Remember that scene in "The Force Awakens" where the dark side warrior Kylo Ren stops a laser blast in mid-air? In a Canberra laboratory, physicists have managed a feat almost as magical: they froze the movement of light in a cloud of ultracold atoms. This discovery could help bring optical quantum computers from the realms of sci-fi to reality.
The experiment, published in a paper this week, was inspired by a computer stimulation run by lead researcher Jesse Everett from the Australian National University. The researchers used a vaporized cloud of ultracold rubidium atoms to create a light trap, into which they shone infrared lasers. The light trap constantly emitted and re-captured the light.
"It's clear that the light is trapped – there are photons circulating around the atoms," Everett says. "The atoms absorbed some of the trapped light, but a substantial proportion of the photons were frozen inside the atomic cloud."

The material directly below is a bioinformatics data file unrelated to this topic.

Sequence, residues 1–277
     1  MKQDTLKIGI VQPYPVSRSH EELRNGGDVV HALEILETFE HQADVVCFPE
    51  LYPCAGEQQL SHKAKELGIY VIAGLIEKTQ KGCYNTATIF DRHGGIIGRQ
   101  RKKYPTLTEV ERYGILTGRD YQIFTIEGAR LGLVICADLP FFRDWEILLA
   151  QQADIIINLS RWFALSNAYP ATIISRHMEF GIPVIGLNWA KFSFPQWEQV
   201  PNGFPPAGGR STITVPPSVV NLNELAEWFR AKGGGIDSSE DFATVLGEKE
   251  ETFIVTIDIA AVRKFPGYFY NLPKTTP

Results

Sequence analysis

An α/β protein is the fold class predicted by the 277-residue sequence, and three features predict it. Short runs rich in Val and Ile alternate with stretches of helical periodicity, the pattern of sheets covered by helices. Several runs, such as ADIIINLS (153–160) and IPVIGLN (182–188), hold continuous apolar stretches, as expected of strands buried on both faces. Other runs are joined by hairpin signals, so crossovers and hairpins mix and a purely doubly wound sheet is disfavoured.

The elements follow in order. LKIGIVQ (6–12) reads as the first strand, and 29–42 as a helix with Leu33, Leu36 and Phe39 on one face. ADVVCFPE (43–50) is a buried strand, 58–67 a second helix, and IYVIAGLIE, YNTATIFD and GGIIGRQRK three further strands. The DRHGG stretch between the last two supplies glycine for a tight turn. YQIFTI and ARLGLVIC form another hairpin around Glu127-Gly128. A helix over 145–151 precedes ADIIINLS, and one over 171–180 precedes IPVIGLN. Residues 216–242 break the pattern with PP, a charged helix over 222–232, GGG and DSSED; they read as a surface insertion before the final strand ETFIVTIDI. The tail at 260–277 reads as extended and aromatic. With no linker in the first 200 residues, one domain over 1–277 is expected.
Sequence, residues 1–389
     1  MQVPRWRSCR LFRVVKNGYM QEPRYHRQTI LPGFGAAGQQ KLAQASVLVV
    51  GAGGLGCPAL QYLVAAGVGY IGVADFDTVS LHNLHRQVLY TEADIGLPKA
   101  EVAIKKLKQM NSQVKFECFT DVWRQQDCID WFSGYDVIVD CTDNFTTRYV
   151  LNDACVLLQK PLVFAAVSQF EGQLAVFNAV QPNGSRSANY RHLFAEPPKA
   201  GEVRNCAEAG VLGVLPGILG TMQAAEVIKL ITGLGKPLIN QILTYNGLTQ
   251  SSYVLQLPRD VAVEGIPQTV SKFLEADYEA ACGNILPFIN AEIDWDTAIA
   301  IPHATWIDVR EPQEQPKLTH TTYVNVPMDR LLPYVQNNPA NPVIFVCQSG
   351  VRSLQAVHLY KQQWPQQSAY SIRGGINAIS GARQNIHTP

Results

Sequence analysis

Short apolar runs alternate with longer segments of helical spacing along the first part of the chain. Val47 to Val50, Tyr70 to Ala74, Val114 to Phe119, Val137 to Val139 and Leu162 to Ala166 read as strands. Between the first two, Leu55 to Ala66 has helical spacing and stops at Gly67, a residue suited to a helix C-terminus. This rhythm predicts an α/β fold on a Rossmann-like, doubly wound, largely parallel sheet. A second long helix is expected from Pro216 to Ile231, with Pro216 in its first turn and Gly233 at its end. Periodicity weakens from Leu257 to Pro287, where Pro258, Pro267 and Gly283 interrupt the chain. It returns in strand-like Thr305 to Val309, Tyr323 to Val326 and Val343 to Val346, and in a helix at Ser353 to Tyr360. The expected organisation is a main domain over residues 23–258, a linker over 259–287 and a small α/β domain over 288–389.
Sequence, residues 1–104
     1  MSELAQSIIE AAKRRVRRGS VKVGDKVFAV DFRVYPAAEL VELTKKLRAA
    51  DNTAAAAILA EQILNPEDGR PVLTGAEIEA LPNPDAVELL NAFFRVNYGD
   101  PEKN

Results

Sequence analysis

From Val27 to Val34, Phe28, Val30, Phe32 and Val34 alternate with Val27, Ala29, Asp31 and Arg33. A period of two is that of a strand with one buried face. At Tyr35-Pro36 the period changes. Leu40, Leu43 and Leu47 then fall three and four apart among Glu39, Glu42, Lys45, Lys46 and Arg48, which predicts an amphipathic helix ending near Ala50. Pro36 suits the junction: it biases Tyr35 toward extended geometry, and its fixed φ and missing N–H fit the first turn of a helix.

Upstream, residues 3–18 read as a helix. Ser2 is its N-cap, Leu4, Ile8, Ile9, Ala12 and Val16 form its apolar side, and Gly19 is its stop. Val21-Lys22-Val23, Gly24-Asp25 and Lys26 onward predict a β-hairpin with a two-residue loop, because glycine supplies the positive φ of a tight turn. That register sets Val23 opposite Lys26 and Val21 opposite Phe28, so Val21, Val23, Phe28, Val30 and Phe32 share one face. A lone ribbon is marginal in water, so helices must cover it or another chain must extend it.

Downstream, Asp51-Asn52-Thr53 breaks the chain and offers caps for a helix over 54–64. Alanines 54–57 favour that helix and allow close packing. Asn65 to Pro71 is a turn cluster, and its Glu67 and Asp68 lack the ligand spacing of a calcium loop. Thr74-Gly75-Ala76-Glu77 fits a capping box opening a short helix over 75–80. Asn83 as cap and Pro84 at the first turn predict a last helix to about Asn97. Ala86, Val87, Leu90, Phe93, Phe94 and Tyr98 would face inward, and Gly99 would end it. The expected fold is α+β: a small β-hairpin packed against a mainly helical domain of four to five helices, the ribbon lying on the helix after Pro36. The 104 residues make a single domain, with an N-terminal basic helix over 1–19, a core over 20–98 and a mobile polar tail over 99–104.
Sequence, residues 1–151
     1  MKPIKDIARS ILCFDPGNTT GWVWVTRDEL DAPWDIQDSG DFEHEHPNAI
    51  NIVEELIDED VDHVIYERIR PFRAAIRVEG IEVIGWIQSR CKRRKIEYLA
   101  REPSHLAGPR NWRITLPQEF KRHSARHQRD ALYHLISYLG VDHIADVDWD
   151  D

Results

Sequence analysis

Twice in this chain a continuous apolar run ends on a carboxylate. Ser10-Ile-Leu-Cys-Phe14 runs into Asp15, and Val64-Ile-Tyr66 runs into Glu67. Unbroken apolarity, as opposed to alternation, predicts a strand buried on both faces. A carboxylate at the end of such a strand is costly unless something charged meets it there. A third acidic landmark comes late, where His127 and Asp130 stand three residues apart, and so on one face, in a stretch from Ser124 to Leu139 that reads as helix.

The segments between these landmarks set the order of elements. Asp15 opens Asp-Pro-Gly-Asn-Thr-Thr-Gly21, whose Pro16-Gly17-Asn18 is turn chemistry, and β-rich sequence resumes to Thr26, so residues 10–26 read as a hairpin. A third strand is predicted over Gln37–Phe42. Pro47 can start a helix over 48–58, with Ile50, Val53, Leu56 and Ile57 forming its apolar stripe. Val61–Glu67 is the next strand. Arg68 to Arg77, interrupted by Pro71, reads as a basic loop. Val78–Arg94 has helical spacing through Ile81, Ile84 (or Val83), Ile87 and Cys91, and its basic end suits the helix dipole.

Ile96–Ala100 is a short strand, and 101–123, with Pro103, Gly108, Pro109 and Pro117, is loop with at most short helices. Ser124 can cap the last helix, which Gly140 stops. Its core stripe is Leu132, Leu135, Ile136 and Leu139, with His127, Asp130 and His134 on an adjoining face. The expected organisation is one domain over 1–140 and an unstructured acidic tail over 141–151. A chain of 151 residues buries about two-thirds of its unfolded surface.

This is not the first time physicists have stopped light, but it is the first experiment that was designed to prove beyond doubt that the trapped light was rendered stationary. The atomic cloud was imaged from the side as one method of confirming the theory.
Knowing that scientists can now stop the movement of light is an exciting development because it could allow the interactions of light and atoms to be manipulated with the extreme precision needed to develop quantum logic gates – the building blocks of the quantum computer model.
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